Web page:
Fistule An abnormal channel that creates an open passageway between two structures that do not normally connect.

Gastrointestinal tract The entire length of the digestive system, running from the stomach, through the small intestine, large intestine, and out the rectum and anus.

Immune system The body system responsible for producing various cells and chemicals that fight infection by viruses, bacteria, fungi, and other foreign invaders. In autoimmune disease, these cells and chemicals turn against the body itself.

Inflammation The result of the body's attempts to fight off and wall off an area that is infected. Inflammation results in the classic signs of redness, heat, swelling, and loss of function.

Obstruction A blockage.

Ulceration A pitted area or break in the continuity of a surface such as skin or mucous membrane.

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Carson-DeWitt, Rosalyn. "Crohn's Disease." Gale Encyclopedia of Medicine, 3rd ed.. 2006. Encyclopedia.com. 30 Jul. 2016 <http://www.encyclopedia.com>.

Carson-DeWitt, Rosalyn. "Crohn's Disease." Gale Encyclopedia of Medicine, 3rd ed.. 2006. Encyclopedia.com. (July 30, 2016). http://www.encyclopedia.com/doc/1G2-3451600460.html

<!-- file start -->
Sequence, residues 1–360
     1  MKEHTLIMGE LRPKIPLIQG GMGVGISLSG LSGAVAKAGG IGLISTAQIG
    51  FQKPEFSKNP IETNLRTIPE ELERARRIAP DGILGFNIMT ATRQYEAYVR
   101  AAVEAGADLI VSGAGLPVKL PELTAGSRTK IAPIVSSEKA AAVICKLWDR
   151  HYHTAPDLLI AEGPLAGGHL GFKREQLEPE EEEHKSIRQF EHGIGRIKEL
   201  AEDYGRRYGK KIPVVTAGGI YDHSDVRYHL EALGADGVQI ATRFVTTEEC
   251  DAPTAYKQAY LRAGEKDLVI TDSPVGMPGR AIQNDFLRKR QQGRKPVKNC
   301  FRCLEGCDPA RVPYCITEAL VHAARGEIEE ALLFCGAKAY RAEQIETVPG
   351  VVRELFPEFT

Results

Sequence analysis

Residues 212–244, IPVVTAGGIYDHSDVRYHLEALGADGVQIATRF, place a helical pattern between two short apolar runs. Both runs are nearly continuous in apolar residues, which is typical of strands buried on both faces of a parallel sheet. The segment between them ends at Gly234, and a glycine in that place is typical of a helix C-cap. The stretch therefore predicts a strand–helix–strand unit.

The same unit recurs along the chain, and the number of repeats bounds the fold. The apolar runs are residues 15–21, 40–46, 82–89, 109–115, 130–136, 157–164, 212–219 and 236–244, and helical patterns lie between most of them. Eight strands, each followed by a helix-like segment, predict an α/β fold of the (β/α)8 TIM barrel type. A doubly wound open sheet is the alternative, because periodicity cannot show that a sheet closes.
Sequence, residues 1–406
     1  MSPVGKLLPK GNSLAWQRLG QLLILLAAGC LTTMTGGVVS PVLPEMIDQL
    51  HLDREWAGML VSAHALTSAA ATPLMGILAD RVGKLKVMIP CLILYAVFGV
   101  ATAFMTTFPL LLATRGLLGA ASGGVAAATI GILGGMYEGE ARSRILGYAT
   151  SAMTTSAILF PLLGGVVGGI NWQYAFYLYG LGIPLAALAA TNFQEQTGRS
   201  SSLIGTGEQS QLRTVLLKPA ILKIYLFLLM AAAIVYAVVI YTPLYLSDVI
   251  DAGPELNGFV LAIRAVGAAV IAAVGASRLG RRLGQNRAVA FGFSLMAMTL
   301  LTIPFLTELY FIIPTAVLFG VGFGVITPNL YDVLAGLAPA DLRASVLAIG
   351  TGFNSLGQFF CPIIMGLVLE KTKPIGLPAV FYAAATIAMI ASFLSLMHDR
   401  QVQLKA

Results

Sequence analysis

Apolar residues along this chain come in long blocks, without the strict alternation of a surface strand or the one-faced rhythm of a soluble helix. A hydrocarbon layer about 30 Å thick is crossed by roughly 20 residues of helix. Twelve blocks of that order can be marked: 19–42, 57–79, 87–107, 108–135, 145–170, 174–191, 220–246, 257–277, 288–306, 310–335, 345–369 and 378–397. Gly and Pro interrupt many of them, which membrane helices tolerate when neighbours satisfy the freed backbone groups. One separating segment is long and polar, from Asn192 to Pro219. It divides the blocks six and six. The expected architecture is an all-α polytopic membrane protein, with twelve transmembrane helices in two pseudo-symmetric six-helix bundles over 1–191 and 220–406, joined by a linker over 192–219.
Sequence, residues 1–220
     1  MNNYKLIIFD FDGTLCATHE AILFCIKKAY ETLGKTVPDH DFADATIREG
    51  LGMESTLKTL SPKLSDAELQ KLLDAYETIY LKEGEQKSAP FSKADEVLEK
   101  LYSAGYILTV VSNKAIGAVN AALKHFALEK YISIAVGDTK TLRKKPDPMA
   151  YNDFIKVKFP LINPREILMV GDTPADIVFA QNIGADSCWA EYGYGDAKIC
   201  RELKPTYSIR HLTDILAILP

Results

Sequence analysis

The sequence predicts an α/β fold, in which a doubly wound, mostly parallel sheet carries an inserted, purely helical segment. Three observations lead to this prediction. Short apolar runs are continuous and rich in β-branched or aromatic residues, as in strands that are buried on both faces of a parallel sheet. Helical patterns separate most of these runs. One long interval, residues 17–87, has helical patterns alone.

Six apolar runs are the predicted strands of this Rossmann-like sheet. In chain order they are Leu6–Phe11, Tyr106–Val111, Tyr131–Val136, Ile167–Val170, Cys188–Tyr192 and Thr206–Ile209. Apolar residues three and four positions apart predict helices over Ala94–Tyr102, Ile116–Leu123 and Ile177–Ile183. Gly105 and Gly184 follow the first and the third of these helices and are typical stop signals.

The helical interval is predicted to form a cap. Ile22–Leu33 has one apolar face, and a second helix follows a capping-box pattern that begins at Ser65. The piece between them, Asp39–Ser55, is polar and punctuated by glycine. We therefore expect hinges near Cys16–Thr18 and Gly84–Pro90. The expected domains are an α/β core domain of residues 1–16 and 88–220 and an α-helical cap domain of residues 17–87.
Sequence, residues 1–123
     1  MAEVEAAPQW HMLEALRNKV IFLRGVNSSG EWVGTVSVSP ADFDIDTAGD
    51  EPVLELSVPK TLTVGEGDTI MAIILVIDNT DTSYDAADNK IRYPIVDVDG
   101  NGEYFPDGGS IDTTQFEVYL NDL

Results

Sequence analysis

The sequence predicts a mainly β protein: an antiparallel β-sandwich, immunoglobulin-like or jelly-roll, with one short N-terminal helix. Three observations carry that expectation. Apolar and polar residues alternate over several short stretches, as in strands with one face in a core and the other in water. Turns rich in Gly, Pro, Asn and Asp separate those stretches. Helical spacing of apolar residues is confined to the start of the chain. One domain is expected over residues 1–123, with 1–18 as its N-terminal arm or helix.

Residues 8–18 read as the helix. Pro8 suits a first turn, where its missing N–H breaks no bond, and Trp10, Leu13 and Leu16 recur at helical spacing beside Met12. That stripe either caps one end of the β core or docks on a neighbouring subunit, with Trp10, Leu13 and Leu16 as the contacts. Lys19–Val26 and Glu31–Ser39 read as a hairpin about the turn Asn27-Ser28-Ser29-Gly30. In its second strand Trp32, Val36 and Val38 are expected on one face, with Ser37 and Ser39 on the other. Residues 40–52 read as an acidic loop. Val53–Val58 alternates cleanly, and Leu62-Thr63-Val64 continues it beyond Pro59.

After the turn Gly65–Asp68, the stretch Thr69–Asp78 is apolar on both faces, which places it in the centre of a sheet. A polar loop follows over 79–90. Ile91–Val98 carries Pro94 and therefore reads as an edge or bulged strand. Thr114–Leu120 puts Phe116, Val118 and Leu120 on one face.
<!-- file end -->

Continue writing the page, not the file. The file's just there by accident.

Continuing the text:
Carson-DeWitt, Rosalyn. "Crohn's Disease." Gale Encyclopedia of Medicine, 3rd ed.. 2006. Retrieved July 30, 2016 from Encyclopedia.com: http://www.encyclopedia.com/doc/1G2-3451600460.html

Crohn's Disease

CROHN'S DISEASE

DEFINITION


Crohn's disease (pronounced krohnz) is a type of inflammatory bowel disease. It results in swelling of the intestinal tract. It may also restrict the function of the intestinal tract.

DESCRIPTION


The term inflammatory bowel diseases (IBD) refers to a large group of disorders that affect the gastrointestinal (digestive) system. The gastrointestinal (GI) system includes the stomach, small intestine, and large intestine. For reasons that are still not understood, portions of the GI system sometimes become inflamed. Researchers think that the body's immune system may sometimes cause this inflammation. It attacks the lining of the GI system the way it normally attacks invading foreign bodies.